Seattle regaining residents after shrinking during the pandemic
Houston and Atlanta are among the other U.S. cities that have rallied.
The vast majority of American cities are shrinking, but new data shows that a few are regaining residents after population declines early in the pandemic — bolstered, perhaps, by the rapid construction of new homes.
Seattle, Houston, Atlanta and Tucson, Arizona, are among the cities that lost population between 2020 and 2021 but now have more people than they did a decade ago, according to a Stateline analysis of city population estimates released Thursday by the U.S. Census Bureau.
Only about 631 of the 9,344 cities that lost population early in the pandemic, or 7%, have made such a turnaround. In many of them, the construction of new homes is adding to the housing supply.
But even those cities eking out population increases are fighting an uphill battle on housing shortages. Last year 19 states had rental vacancy rates below 5%, considered an indicator of an extreme housing shortage.
Seattle gained almost 18,000 people between 2021 and 2022, more than overcoming a loss of about 5,500 people between 2020 and 2021.
Separate state estimates show that Seattle’s population is increasing faster than it is in the city’s suburbs, an unusual pattern as white-collar workers who can work remotely are leaving many U.S. cities in search of larger and less expensive homes in the suburbs. Housing costs and remote work have driven some families out of Washington state and into neighboring Idaho.
Seattle added more than 11,000 new housing units between 2021 and 2022, a 27% increase from the year before. But that’s not enough to solve its housing shortage, said Mike Mohrman, a population program manager for the Washington state Office of Financial Management.
“There have been a lot of initiatives by the state to make housing more affordable. Despite this increase in Seattle, housing is in short supply even there,” Mohrman said. Washington state will need more than a million new homes in the next 20 years, more than 50,000 a year, to keep up with demand, according to a state report issued in March.
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In Arizona, a bipartisan committee of legislators visited Tucson this past fall to study the housing shortage there. Tucson lost about 1,400 people between 2020 and 2021, but it gained about 5,300 between 2021 and 2022, to notch a net increase for the decade.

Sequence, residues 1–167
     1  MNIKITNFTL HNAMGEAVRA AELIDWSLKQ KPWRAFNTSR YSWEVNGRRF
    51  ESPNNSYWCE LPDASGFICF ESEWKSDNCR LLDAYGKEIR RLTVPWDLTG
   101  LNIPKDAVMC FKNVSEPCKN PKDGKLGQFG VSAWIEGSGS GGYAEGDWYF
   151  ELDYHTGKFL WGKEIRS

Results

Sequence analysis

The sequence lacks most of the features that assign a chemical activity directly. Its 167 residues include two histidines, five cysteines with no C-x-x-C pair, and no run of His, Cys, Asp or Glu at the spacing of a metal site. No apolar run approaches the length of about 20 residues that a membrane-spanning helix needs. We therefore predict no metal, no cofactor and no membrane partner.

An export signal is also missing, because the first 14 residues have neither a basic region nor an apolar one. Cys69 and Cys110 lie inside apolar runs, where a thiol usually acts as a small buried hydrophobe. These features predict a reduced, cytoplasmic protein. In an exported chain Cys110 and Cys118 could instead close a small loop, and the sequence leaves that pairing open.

Georgia, which until recently built population based on housing affordability, now faces a housing shortage with 65 would-be buyers for every home on the market, Georgia Chamber of Commerce President Chris Clark wrote in a recent editorial. Atlanta was able to add about 6,500 new residents between 2021 and 2022, canceling a loss of about 6,000 people the previous year. Mayor Andre Dickens, who took office last year, made more housing a campaign promise.
Some other cities, such as Dallas, San Diego and Nashville, Tennessee, gained population between 2021 and 2022 but have yet to overcome larger population losses between 2020 and 2021.
Los Angeles continued to lose population but two of its suburban cities, Irvine and Riverside, racked up big population gains after losing people between 2020 and 2021.
According to Thursday’s census estimates, 40% of U.S. cities lost population between 2020 and 2021, and 2021 and 2022. Twenty-five percent gained population between 2020 and 2021 only to lose population between 2021 and 2022.
Some of the nation’s largest cities are still losing population: New York City has lost almost 470,000 people in two years, even as it looks to convert empty office buildings to apartments. Chicago, Los Angeles and San Francisco also have lost more than 50,000 people since 2020.
Only four U.S. cities have gained more than 25,000 people over the past two years: San Antonio (about 38,500), Fort Worth, Texas (37,800), Phoenix (36,200) and Port St. Lucie, Florida (27,000).
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